At any given time, more than 1,000 Philadelphia high school students in 20 schools are participating in the Careers Through Culinary Arts Program, learning kitchen and other hospitality skills.
One of the program's recent stars is Brianna Wellmon, now 24, who grew up with her mother and four brothers in North and South Philadelphia. After her 2012 graduation from Dobbins High (where she pulled a 3.7 GPA and was a member of the robotics team), she won a two-year scholarship to the prestigious Culinary Institute of America in Hyde Park, N.Y.
Back in Philadelphia two years later -- she said she did not have the money to continue for a bachelor's degree -- Wellmon went to work alongside some top chefs in the city, including Sylva Senat, himself a C-CAP alum. She's worked for Garces Events at the Kimmel Center and at several restaurants, most recently at Rooster Soup Co., which helps support Broad Street Ministries.
Then the phone rang: She had won one of seven Olesay/C-CAP Internship Scholarships awarded nationally, allowing her to study for three months in Madrid. She leaves in early April to work with chef Antonio Hernando at Alabaster, which holds a prestigious Michelin star.
The phone rang?
I had just left my previous job and I was actually looking forward to taking some time off to figure out what I wanted to do next. I knew that whatever I did next, I wanted to be there for at least three to five years to really grow. I had saved money up, so I was OK.
Then I got a call from Christine Lee [C-CAP's national career adviser] and she said, "You know, Brianna, we have this opportunity for you to be a culinary ambassador in Spain." She gave me a quick briefing of everything and I'm like, "I don't know if I could do that," and then she was like, "You have to have a passport." I was, "A passport? I haven't been out of the country." They're going to pay for room and board and we all get to work at Michelin star restaurants. I was told, "You're ambassadors, so you have to speak and really talk about your experience," and I said, "I don't know." It's so nerve-racking.
What will you be cooking?
It's a lot of seafood, as well as some of the menu is in Spanish. Everyone knows kitchen Spanish, but, like, really holding a conversation? [The app] Duolingo right now is my best friend.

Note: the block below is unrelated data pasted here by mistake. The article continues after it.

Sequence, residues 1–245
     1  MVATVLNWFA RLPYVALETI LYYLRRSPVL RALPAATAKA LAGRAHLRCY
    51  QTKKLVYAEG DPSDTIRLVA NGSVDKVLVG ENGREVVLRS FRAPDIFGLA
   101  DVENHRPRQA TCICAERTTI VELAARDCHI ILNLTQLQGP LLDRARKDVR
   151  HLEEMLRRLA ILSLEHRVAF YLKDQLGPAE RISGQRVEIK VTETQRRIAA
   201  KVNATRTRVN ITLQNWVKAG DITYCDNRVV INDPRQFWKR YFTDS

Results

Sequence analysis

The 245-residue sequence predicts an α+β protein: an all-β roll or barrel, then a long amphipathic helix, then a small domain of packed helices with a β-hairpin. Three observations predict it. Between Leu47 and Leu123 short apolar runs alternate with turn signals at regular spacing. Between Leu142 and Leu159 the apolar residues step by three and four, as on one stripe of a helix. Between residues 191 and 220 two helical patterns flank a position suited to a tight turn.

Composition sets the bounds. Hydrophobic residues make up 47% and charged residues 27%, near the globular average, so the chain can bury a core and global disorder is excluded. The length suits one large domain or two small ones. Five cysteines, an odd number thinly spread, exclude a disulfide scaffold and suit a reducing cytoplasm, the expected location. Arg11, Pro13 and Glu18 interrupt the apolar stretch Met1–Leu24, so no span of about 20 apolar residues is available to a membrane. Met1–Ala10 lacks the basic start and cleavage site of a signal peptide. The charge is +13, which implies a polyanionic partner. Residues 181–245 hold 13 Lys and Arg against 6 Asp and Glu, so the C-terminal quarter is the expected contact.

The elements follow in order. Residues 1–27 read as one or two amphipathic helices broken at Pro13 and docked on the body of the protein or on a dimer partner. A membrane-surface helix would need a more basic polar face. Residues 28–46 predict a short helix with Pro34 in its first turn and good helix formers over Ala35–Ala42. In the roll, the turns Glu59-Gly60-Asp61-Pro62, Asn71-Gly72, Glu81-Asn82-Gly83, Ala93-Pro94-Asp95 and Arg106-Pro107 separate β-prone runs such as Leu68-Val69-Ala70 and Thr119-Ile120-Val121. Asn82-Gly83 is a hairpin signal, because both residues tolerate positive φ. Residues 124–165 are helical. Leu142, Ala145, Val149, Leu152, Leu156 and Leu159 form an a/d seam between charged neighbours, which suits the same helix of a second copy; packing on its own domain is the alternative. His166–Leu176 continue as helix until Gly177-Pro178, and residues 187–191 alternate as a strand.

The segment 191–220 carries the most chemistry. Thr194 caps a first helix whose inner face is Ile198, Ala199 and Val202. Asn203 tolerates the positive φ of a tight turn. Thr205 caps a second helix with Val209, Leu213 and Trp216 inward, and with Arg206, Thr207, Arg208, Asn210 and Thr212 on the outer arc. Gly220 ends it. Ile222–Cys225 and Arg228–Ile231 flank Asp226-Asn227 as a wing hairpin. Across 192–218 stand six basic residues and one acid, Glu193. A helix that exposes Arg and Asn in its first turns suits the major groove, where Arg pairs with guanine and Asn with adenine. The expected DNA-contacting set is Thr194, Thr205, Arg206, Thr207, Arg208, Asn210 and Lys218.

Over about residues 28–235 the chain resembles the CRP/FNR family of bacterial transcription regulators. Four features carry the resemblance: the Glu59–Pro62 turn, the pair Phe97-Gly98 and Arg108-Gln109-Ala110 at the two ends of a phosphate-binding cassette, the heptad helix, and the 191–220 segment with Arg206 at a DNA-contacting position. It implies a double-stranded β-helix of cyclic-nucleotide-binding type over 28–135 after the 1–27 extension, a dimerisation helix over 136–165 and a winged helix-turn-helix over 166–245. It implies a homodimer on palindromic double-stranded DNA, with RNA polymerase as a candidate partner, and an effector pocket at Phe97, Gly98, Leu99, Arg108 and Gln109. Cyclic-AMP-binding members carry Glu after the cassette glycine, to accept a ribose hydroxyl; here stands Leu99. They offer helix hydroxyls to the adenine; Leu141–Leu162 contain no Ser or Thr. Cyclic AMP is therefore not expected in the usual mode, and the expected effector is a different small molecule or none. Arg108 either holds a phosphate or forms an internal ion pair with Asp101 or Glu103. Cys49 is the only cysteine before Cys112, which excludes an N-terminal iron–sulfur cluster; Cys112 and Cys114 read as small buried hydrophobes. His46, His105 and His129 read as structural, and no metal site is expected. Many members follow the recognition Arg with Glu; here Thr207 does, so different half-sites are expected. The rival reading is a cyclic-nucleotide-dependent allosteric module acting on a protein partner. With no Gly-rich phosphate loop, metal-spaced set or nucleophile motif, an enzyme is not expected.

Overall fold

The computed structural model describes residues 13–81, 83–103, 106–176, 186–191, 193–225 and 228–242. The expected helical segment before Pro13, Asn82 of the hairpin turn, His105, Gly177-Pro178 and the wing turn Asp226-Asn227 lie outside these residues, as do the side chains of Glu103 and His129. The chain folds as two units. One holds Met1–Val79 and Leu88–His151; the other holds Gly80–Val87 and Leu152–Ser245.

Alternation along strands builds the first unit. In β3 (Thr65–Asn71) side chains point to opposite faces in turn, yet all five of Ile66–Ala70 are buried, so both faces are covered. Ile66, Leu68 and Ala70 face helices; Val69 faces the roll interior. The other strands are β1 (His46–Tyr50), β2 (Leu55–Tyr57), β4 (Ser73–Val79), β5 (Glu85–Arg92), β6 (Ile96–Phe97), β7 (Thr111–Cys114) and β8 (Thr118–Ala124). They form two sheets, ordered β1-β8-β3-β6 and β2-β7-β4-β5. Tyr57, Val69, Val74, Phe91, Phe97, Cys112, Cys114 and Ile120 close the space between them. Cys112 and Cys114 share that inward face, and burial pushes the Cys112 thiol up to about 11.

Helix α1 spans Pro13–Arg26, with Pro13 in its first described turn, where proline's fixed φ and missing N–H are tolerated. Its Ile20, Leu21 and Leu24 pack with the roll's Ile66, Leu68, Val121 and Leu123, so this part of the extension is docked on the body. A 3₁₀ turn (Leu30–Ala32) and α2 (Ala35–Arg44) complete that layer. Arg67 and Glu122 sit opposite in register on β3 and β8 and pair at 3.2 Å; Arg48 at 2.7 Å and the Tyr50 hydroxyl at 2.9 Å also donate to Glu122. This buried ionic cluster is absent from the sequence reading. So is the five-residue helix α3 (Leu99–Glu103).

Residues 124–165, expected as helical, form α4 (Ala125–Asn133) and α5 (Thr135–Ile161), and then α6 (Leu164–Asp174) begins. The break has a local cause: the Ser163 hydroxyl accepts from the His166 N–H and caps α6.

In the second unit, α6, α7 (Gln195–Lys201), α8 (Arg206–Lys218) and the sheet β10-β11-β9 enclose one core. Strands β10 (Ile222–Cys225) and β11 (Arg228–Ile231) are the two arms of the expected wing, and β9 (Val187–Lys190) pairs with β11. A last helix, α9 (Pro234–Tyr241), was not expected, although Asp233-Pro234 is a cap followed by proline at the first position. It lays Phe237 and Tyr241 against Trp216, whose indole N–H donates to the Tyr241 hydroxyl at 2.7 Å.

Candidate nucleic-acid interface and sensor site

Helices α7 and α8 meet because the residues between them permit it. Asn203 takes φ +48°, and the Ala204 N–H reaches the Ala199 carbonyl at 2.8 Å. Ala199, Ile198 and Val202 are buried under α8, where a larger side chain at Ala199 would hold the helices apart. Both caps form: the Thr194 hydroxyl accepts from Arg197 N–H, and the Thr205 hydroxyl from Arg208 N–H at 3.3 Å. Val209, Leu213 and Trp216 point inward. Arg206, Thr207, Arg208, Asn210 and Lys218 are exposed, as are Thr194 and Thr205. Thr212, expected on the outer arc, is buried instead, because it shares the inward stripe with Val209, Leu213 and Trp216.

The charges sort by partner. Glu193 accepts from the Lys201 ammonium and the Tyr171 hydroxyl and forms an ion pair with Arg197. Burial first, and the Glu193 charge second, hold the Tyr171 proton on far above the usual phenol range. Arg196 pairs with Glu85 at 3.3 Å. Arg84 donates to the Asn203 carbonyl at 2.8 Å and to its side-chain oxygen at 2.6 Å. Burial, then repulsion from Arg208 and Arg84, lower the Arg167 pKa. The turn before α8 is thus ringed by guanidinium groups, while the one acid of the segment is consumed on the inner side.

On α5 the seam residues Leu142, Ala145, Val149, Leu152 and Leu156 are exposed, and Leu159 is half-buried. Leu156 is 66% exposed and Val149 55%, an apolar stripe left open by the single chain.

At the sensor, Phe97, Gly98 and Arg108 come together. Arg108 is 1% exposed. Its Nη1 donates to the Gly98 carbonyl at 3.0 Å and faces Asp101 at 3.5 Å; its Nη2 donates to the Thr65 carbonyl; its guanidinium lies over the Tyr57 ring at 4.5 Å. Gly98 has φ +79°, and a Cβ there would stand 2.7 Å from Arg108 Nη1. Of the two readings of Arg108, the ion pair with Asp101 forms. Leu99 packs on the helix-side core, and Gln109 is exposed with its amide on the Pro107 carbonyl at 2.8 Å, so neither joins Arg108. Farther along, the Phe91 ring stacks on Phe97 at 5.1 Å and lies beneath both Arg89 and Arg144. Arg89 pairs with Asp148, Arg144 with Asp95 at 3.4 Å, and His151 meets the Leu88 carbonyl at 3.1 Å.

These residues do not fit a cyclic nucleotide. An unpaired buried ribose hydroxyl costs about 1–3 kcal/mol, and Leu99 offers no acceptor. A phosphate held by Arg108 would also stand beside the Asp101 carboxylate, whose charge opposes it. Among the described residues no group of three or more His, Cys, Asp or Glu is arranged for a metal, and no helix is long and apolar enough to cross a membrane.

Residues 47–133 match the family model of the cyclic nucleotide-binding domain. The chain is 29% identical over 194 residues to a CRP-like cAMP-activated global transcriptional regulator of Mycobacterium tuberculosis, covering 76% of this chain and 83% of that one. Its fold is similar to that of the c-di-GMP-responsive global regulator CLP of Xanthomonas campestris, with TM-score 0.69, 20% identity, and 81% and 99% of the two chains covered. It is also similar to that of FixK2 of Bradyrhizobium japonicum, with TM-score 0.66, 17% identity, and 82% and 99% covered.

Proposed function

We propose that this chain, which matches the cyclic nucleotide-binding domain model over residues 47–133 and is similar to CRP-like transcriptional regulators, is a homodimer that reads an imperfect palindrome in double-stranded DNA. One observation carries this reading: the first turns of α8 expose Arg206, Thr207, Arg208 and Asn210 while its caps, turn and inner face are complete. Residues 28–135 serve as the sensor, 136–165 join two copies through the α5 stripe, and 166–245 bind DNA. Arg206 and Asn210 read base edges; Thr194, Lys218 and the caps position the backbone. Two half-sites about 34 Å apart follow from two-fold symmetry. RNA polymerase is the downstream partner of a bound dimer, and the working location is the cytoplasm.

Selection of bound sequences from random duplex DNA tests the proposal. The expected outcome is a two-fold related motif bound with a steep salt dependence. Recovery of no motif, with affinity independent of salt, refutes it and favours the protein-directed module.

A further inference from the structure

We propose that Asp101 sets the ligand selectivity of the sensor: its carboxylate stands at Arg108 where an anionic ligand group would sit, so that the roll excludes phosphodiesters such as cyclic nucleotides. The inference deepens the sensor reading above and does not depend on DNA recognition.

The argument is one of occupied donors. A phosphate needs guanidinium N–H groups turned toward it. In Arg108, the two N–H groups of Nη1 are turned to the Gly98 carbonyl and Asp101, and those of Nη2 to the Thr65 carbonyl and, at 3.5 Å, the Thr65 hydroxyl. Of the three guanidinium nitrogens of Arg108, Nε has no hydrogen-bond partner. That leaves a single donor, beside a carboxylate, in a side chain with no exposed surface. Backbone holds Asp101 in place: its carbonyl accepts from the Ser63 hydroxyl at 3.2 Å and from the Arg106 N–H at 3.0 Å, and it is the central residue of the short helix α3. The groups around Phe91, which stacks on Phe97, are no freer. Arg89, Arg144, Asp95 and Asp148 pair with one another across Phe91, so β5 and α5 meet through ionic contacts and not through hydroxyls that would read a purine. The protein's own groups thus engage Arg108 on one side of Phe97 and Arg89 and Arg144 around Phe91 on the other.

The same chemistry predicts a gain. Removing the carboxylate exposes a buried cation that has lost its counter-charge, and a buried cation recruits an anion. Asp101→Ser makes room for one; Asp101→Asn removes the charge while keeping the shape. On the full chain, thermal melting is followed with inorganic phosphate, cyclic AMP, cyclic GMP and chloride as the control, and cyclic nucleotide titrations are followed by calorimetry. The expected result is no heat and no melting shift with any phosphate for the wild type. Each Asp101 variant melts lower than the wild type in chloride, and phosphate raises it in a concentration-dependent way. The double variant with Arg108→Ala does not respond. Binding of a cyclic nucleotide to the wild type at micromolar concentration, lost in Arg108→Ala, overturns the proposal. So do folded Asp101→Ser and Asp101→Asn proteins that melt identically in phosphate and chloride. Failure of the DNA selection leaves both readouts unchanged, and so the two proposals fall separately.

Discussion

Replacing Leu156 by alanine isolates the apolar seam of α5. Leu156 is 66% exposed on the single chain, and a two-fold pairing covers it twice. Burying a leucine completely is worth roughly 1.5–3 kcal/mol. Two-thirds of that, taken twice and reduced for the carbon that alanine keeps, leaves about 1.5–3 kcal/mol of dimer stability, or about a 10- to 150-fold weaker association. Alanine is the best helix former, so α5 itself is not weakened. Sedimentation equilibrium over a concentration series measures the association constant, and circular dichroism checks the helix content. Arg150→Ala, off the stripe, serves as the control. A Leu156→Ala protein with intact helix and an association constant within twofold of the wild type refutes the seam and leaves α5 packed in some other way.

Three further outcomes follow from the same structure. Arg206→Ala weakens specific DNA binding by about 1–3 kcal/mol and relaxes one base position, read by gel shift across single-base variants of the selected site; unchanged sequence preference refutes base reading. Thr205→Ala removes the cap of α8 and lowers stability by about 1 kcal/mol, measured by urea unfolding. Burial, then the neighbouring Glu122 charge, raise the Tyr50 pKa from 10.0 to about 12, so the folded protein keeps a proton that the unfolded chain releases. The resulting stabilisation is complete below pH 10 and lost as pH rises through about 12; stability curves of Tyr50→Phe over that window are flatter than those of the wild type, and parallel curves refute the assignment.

How did you get involved with C-CAP?
Through the magnificent Penny Greenberg at Dobbins. I was in her class. I liked cooking. I cooked at home for my family. I had, like, the first time I used a stove, I think I was 9 and it was at home. That was after I had upgraded myself from the microwave. She said, "Brianna, did you ever think about joining C-CAP?" At first, I'm like, "C-CAP? That sounds like a lot of work," and you know, being 15, 16, you're hard-headed, so you kind of blow it off. She's like, "You know, you should really do C-CAP. I think this is good for you." I'm like, "I don't even know if I want to cook. I still kind of had dreams of being a lawyer." I thought I was still going to be a lawyer, but I loved cooking. I just ... I don't know. At that time, I just wasn't thinking about making it long-term. Happy I did, though.
What really changed your mind?
Once I came into class to cook breakfast. I always liked the pancake station. I was good at it and she was like, "You know what? You're not cooking anymore until you sign up for C-CAP," and I'm like, "What? I can't do that. You're my teacher; you can't not teach me." She said, "You're absolutely right, and I'm not going to not teach you, but it'll be from the book. It'll be like book work and not hands-on stuff." So, I finally filled out the papers for C-CAP, and once I started doing the competition, I'm saying, "Oh. This is how you make creme brulee. This is how you make pastry cream. This is how, oh," and I liked the dish. I really got into it. I really like this. You know what? I really like this."
How did you know you were good in the kitchen?
I will never forget this. I always say I had improved on cooking when my little brother Jamar didn't spit my food out anymore and the first time I had made him a meal that he, like, sat down and he ate all of it. I made pork chops and cabbage with rice. My mom ate the whole thing. My brothers ate the whole thing, and, you see, growing up with boys, we tease each other a lot, so a fight, if you lose, you get teased. You know, if you do something and it's not right, you get teased. You develop certain things, so when I sat and watched him eat it and I'm just sitting there, "Ha! Got you. Ha!"
What did you learn at CIA?
Dealing with a wide gap of different personalities and different styles and different traditions. Me personally, I grew up watching WHYY-TV12 with Mary Ann Esposito and the cooks who would come on at 4. After that, we're back to regular cable television, but that's what I grew up on, so I never really got to see chefs that look like me, or not even look like me but lived a similar lifestyle. Lived in a city like mine. I met a few people who also lived in Philadelphia, so that was cool. Then I had something to kind of to relate to. That is really what interested me because it really kind of made me see that it's so crazy that all of these different people with all of these different backgrounds still came together just to this place and learned classic food. That was the thing that we had in common, so that was the first time where I really saw that food brings people together in many different ways. Not just at the aspect of us sitting at a table together, but us just saying, "Hey. You know what? We have a similar dish like this."
What will you do when you come back?